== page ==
Music News & Reviews

Kesha and Macklemore delight fans with glitz, love and a dash of the ‘Good Old Days’

Macklemore and Kesha performed Tuesday, June 26, 2018, at the Sprint Center.
Macklemore and Kesha performed Tuesday, June 26, 2018, at the Sprint Center.

A duet featuring the co-headliners of the "Adventures of Kesha and Macklemore" tour provided the most charming moments of a wondrous concert at the Sprint Center on Tuesday.

After Kesha sang “someday soon your whole life's gonna change” on “Good Old Days,” Macklemore rapped “I’ve got some scars, I’ve been around, I felt some pain.”

The acknowledgment of the wisdom that comes with age was repeated throughout the show that was attended by about 10,000 pop and hip-hop fans.

More than half the audience consisted of an uncommon mix of children, teenagers and members of the LGBTQ communities. They were showered with gales of confetti and cheerful messages of inclusion.

Kesha, born Kesha Sebert in 1987, and Macklemore, born Ben Haggerty in 1983, are embattled stars fighting for artistic integrity and commercial viability. The careers of both artists have been caught up in plenty of drama.

Kesha addressed the legal wrangling with a former producer that made her a symbol of the MeToo movement after she belted out “Praying,” a defiant brush-off of her alleged tormentor. She said that the song “always brings me back to a time when I wasn’t sure if I’d ever be singing new music again.”

Seemingly intent on reclaiming material she says she recorded under duress, Kesha and her backing band completely overhauled a few of her early hits.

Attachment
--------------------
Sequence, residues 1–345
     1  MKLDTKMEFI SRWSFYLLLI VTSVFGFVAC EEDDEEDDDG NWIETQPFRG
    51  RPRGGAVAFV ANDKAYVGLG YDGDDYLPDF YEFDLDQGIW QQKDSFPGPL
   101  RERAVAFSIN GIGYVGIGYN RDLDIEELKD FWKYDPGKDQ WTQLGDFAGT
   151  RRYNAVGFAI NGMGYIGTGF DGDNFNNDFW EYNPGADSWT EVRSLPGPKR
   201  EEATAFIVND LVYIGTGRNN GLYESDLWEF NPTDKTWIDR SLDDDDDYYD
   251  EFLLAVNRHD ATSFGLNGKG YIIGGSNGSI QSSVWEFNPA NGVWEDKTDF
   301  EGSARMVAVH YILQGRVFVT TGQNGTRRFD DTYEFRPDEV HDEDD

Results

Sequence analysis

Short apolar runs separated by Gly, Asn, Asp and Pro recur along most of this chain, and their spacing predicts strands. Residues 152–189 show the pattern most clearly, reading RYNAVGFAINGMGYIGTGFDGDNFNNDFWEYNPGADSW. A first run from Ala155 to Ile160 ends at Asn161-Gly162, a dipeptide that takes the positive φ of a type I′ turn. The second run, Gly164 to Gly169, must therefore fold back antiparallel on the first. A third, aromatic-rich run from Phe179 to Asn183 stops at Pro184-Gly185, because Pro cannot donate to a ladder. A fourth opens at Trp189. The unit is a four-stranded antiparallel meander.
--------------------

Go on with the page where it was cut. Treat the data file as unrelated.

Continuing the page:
The dance-pop song “Take It Off” was given a hair-metal makeover as Kesha encouraged admirers to hurl their undergarments at the stage. Wearing a rainbow flag as a cape, Kesha dedicated “We R Who We R” to her LGBTQ fans and told them that “I will always stand by you.”

Kesha’s revealing costumes, glitzy set that included a spaceship, campy stage antics and outlandish sense of humor evoked another gay icon — she is the modern-day Cher.

Macklemore endeared himself to the gay community with his endorsement of same-sex marriage on “Same Love.” The emotional response to this rendition made the 2012 hit feel like a cherished hymn delivered at a megachurch.

Most of his 60-minute outing was devoted to less consequential material such as “Thrift Shop,” the novelty song that explained the presence of hundreds of children.

He didn’t address the accusations of white privilege that have bedeviled him since he won the Grammy Award for Best Rap Album in 2014. Macklemore suggested in his duet with Kesha that “maybe these are the moments” that are most precious.

For fans, Tuesday night was truly an indelible part of “The Good Old Days.”

Kesha set list: Woman; Boogie Feet; We R Who We R; Good Old Days; Bastards; Jolene; Timber; Die Young; Your Love Is My Drug; Take It Off; Blow; Prayer; Tik Tok

Macklemore set list: Ain’t Gonna Die Tonight; Thrift Shop; White Walls; Same Love; Otherside; Willy Wonka; Dance Off; Can’t Hold Us; Downtown; Glorious